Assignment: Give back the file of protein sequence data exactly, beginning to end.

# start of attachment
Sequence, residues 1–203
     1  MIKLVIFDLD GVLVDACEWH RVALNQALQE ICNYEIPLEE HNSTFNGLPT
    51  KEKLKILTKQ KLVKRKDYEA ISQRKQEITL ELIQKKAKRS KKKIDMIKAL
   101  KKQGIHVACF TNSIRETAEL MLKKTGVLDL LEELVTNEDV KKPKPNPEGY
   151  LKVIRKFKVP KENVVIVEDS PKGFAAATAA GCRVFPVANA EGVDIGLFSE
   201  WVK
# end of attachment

Sequence, residues 1–203
     1  MIKLVIFDLD GVLVDACEWH RVALNQALQE ICNYEIPLEE HNSTFNGLPT
    51  KEKLKILTKQ KLVKRKDYEA ISQRKQEITL ELIQKKAKRS KKKIDMIKAL
   101  KKQGIHVACF TNSIRETAEL MLKKTGVLDL LEELVTNEDV KKPKPNPEGY
   151  LKVIRKFKVP KENVVIVEDS PKGFAAATAA GCRVFPVANA EGVDIGLFSE
   201  WVK